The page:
Modern faux stamps on advertising mail
U.S. Stamp Notes by John M. Hotchner
Stamps are often used these days to encourage people to open and respond to advertising mail. This is why you see so many nonprofit, presorted and bulk-rate stamps on the ad mail in your mailbox when a little black postage paid indicia would do.
Attractive stamps encourage recipients to open and read whatever is inside the envelope and to use the response envelopes provided.
Of late, many mailers have come to the realization that they don’t have to buy and affix real postage stamps to achieve the same result. Instead colorful stamplike images are printed on the return envelopes.
Figure 1 shows an example of faux stamps featuring cardinals. The envelope even includes a faux sticky note with the message “Postage has been paid for you!”
Additional examples of these multiple blocks of color on business reply mail envelopes are shown in Figure 2. The designs include the American flag, poppies, a dream catcher and Christmas themes.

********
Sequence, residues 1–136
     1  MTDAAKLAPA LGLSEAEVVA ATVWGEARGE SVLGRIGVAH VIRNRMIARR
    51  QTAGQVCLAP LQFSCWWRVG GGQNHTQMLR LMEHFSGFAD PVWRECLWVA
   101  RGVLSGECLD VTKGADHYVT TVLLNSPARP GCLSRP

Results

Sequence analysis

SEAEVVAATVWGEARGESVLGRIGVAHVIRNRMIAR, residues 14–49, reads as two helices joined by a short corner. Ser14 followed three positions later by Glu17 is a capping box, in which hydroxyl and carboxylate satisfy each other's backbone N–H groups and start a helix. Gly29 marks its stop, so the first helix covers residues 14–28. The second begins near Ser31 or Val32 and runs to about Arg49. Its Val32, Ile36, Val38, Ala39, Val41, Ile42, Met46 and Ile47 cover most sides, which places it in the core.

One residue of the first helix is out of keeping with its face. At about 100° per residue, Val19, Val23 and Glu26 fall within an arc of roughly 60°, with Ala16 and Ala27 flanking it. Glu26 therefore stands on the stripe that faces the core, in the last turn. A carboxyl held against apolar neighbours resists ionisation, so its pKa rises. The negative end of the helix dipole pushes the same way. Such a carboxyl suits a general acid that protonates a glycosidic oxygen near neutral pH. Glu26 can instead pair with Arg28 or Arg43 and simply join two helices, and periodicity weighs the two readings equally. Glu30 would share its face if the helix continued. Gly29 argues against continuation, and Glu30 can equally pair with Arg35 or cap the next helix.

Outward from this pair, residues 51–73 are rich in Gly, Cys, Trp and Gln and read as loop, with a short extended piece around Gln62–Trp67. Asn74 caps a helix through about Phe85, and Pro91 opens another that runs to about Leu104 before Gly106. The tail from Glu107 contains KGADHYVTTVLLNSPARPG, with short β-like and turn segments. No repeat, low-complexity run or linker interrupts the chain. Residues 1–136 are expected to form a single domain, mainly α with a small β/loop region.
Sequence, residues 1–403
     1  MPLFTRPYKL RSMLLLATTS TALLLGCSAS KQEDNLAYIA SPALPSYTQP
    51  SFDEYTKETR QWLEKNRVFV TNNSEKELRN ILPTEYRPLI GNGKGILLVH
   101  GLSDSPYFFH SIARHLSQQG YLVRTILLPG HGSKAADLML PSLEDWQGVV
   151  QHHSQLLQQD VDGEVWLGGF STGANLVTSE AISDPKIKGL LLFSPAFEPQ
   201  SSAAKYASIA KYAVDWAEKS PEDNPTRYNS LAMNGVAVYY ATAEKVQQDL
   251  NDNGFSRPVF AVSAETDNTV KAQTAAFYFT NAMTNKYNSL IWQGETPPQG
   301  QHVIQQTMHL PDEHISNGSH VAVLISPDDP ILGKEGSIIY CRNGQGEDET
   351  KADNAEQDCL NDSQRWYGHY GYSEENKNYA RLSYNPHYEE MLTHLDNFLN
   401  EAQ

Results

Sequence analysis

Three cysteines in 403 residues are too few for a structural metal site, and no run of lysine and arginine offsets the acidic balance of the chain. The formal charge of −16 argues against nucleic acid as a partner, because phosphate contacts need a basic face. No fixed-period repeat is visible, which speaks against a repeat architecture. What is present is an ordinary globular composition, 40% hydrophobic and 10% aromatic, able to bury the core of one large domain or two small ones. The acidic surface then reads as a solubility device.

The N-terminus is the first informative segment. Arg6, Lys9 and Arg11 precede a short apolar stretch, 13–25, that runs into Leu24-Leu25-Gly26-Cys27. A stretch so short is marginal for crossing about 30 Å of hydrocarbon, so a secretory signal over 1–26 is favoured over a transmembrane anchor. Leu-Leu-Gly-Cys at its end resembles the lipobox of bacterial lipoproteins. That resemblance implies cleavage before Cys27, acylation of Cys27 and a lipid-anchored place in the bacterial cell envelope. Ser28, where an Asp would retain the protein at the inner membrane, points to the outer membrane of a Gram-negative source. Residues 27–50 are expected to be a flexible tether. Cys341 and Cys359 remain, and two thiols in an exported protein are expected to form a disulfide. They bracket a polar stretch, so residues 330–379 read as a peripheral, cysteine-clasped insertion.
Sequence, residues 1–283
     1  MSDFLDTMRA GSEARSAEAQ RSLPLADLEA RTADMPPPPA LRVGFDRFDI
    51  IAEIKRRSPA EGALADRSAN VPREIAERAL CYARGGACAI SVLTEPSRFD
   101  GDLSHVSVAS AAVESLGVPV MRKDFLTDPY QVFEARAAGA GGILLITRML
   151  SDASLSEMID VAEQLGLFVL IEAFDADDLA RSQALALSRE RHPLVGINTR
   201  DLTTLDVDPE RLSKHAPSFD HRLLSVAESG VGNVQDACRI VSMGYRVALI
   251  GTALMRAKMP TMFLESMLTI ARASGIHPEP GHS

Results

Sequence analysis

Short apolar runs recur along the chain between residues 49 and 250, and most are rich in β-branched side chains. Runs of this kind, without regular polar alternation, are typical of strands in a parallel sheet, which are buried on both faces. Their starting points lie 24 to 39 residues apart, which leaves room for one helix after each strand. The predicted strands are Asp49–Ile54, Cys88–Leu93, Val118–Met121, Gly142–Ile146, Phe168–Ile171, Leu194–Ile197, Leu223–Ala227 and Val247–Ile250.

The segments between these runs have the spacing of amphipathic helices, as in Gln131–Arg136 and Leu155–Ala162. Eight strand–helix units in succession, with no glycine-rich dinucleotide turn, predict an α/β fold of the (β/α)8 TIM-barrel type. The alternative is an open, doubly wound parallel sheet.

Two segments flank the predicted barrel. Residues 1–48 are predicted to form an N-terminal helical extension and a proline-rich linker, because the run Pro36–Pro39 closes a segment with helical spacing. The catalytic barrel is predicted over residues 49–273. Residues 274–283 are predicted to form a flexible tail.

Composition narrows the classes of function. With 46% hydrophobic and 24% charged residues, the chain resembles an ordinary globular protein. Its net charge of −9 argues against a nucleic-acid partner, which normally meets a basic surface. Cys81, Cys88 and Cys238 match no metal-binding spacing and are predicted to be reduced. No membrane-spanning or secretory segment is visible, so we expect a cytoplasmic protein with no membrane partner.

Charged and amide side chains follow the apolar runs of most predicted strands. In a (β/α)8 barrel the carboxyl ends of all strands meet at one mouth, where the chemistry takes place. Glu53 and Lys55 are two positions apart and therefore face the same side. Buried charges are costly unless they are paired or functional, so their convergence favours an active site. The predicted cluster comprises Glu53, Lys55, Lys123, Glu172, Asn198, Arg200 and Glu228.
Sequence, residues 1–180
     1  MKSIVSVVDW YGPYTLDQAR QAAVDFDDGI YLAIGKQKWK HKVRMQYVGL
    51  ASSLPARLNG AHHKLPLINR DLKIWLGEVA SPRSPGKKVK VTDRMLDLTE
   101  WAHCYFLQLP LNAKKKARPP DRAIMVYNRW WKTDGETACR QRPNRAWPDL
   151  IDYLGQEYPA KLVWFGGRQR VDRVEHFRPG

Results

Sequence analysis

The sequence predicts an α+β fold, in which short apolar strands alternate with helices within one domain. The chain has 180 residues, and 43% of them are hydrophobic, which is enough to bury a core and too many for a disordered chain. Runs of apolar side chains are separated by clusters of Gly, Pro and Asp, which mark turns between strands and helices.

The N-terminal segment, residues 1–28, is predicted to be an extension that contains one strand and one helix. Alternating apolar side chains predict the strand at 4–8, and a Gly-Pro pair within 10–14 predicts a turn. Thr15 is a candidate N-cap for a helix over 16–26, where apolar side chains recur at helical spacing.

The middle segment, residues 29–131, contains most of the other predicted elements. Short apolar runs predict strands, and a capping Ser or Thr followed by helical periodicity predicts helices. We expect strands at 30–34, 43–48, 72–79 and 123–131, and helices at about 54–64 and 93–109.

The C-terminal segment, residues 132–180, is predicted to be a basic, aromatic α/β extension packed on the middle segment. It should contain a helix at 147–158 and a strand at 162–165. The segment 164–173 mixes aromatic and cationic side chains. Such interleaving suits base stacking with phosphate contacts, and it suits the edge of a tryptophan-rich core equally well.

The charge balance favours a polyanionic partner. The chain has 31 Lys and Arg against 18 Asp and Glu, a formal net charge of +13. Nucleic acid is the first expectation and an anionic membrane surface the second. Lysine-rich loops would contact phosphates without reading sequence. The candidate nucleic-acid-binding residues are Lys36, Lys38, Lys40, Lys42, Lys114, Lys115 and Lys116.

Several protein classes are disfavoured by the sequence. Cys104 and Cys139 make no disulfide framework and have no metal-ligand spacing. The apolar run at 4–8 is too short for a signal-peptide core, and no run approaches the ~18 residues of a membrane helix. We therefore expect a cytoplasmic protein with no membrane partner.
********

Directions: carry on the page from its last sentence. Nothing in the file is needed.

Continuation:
Figure 3 pictures a recent variant that showed up on an insert with my daily newspaper. Labeled “A Special Invitation,” this item includes a representation of a U.S. flag stamp that encourages a second look and opening of the trifold item. The faux stamp even has a fake cancellation.
This special invitation turned out to be an ad for Dish, the satellite television company.
Apparently this promotion was nationwide as I have heard from many other recipients from around the country, some of whom sent examples. Because there is some difference in the intensity of color in the examples, my guess is that these were printed locally from electronic masters provided by the ad agency. But I’m not going to start collecting color varieties of faux stamps.
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